Interestingly enough, in June 2013 I listed 50+ vendors promoting an enterprise solution that uses Flash memory. As of writing at the end of July, that list is now 75+ vendors:

Aberdeen, Amax, Arkologic, Astute Networks, Assurance, Avere Systems, BiTMICRO, BridgeSTOR, Cachebox, Cisco, Condusiv, Coraid, DataCore, DataDirect Networks (DDN), DataON, DDRdrive, Dell, Dot Hill, Echostreams Innovative Solutions, EMC, Enmotus, Fastor, Foremay, Fusion-io, GreenBytes, Hitachi Data Systems, HP, Huawei Symantec, IBM Systems and Technology Group, IceWEB, Infinio, Imation, Intel, iXsystems, JetStor (AC&NC), JBOD, JDV Solutions, Kaminario, Kove, LSI, Marvell, Micron, NetApp, Nimble Storage, Nimbus Data Systems, OCZ, Oracle, Panzura, PernixData, Pivot3, Proximal Data, Pure Storage, QLogic, Qsan, Radian Memory Systems, Reduxio, Renice Technology, Runcore SSD, SanDisk, Scalable Informatics, SeaChange, Skyera, SolidFire, Soligen, Starboard Storage, sTec, StorageQuest, Super Talent, System Fabric Works, Tegile Systems, Tintri, VeloBit, Violin Memory, Virident Systems, WhipTail, and X-IO.

Many of the firms that I forgot to add to the initial list were very familiar to me. They were typically 10 to 15 years old and had survived the virtualization “Trough of Disillusionment.” However, to many analysts, journalists, and admittedly myself, they are not perceived to be part of the latest trends. They are perceived by the pundits as HDD RAID suppliers or suppliers of older data management software, even though their products have evolved over many generations to include SSD, intelligent provisioning, real-time de-duplication and caching. That said, I expect they are doing better on the important sales side. Of course, the positioning issues with the pundits could be fixed by a good agency – obviously not one they are using, so I’ll take the opportunity to plug mine — Marketingsage.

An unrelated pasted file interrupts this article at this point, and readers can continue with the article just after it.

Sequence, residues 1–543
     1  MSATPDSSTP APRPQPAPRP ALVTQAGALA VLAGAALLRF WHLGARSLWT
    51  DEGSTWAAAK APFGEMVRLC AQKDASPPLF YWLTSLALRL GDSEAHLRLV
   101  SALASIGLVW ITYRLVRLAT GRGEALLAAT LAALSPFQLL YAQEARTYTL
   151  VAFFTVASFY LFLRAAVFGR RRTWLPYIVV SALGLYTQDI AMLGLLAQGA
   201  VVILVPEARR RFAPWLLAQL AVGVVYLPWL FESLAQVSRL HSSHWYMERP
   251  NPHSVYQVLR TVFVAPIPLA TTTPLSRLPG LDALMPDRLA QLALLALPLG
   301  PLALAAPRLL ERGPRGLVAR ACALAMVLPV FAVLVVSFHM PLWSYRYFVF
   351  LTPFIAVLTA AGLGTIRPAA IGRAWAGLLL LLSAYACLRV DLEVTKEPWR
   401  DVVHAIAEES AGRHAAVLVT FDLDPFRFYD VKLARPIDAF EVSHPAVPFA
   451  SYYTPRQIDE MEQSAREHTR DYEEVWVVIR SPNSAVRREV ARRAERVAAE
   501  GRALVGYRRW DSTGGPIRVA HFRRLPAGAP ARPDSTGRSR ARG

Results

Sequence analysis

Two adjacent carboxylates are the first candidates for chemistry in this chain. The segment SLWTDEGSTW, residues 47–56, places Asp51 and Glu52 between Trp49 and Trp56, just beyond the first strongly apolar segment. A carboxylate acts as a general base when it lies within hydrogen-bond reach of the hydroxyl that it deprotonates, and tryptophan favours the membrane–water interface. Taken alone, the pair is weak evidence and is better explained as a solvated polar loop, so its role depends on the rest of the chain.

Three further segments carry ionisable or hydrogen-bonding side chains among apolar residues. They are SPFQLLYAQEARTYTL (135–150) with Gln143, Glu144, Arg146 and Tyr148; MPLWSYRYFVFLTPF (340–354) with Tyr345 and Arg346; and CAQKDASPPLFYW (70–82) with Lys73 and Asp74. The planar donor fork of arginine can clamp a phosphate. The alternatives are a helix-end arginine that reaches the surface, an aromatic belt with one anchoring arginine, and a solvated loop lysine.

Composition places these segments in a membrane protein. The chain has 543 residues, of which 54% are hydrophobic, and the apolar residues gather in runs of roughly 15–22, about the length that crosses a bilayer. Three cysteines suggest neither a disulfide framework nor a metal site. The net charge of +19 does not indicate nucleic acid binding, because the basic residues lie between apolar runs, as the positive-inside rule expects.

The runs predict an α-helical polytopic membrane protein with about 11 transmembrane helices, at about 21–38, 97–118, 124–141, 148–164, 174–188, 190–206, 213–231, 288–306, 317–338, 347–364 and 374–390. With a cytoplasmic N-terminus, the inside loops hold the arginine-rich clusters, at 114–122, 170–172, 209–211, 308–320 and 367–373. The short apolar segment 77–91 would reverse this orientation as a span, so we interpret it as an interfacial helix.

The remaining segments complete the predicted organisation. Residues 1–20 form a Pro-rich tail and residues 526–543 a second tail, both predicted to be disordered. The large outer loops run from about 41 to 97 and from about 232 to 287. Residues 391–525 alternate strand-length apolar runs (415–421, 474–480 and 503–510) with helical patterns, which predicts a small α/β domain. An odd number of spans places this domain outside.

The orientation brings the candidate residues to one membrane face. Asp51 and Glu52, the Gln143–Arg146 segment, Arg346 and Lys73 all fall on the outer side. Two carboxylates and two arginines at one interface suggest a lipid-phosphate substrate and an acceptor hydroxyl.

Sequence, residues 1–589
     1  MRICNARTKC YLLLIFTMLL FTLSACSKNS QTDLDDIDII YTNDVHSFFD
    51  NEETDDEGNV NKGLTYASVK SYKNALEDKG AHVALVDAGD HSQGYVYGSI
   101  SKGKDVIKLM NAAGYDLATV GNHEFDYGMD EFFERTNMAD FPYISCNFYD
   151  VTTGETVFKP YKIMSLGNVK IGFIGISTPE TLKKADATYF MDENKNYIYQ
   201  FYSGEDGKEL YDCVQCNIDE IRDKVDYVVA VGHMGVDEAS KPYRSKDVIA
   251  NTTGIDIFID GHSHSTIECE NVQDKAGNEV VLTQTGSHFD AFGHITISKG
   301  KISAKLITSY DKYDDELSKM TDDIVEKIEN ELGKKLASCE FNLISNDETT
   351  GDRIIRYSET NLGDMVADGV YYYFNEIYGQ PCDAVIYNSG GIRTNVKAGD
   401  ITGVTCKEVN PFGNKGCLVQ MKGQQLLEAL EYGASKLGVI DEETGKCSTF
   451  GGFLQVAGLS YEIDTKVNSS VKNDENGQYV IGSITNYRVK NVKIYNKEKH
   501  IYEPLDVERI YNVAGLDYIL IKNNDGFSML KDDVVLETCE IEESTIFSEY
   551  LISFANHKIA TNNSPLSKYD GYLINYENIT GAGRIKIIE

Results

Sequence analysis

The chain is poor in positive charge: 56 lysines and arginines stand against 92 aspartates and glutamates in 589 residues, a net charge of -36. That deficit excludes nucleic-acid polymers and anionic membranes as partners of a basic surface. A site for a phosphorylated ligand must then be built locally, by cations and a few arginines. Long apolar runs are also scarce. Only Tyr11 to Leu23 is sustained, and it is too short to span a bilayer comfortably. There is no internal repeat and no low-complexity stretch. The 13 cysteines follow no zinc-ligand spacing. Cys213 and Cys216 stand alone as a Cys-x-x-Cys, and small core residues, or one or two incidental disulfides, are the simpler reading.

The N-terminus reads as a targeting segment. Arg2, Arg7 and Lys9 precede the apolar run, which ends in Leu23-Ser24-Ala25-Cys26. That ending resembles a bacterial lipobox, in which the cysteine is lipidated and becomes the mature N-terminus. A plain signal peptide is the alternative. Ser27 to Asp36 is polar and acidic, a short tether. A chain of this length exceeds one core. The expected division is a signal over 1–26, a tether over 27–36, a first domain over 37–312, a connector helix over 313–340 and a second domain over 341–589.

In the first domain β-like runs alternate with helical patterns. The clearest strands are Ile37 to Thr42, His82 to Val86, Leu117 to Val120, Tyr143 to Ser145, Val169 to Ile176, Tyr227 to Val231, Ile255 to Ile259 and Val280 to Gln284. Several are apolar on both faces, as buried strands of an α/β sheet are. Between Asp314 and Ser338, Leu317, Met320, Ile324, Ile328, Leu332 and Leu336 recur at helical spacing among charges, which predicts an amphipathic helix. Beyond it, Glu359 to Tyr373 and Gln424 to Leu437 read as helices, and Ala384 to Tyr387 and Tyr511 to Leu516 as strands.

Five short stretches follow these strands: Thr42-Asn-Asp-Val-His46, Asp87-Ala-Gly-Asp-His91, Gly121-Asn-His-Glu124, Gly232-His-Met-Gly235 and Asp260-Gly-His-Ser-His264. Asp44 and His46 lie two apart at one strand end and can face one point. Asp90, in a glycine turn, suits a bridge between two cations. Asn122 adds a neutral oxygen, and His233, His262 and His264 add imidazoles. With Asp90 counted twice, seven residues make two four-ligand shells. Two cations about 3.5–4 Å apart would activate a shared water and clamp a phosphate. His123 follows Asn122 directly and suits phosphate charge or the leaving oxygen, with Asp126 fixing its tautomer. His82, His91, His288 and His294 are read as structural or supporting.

In general, it’s smart to position your products for a new trend. Besides the publicity advantages, you may be entering the next big market at a time when you can make a real difference. However, there are some strategic implications, particularly for start-ups whose VC funding and the ability to attract talent is based on a new trend approaching the “Peak of Inflated Expectations.” If those firms do not also position their products effectively for more mature markets, or if they are not funded for the long game, then such firms can, and do, fail.

About this Series on Positioning and The Flash Memory Summit

Join me and a lively panel of experts, editors, and analysts at what may be the first ever marketing-oriented session for CEOs, CTOs, and marketers at the annual Flash Memory Summit. We will be discussing product differentiation in a growth market in a session called: Differentiate or Die – Marketing Flash-Based Storage Systems on Wednesday, August 14, 9:50-10:50 am. This is an Open Session so you can register for free up until 8/11/13.

You can follow this blog by signing up in the left sidebar. You can find related posts like these by clicking the Flash Memory Summit 2013 category:

  1. Flash Memory Summit 2013 Session: Differentiate or Die – Marketing Flash-Based Storage Systems
  2. The Positioning Game: 75+ Vendors Promoting an Enterprise Solution that Uses Flash Memory
  3. Competitive Positioning of Flash-Based Products – A Primer for CEOs, CTOs and Marketers
  4. Market Changes Impacting Flash-based Products – A Positioning Primer for CEOs, CTOs and Marketers

You can suggest questions and discussion topics using the comment box below or by sending me, David Lamont, an email at blog [at] marketingsage.net. If you’d like to support this topic and enhance your own social media reputation, please click the “Share This” and “Like This” buttons below. Your support is appreciated.

About the Author

David X. Lamont is an accomplished marketer of IT products and a partner at Marketingsage, a PR and lead generation firm that specializes in marketing data storage, data management, and enterprise software products. He can be reached by email at blog [at] marketingsage.net. Fellow marketers and IT professionals are invited to join his network on LinkedIn and to subscribe to this blog (see sidebar).

I’m chairing what may be the first ever marketing-oriented session at the annual Flash Memory Summit in August 2013. A lively panel of experts, editors, and analysts will be discussing product differentiation in a growth market in a session called: Differentiate or Die – Marketing Flash-Based Storage Systems. So, as part of a primer on product positioning, I thought I’d explain the concept of positioning as it relates specifically to Flash-based products.

An earlier post, Competitive Positioning of Flash-Based Products – A Primer for CEOs, CTOs and Marketers, explains that your product’s position is whatever your prospective customer thinks it is, not necessarily what you want it to be. Positioning or repositioning is your attempt to influence that opinion. The post also lists the 5+1 elements of a strong position, and gives an industry relevant example.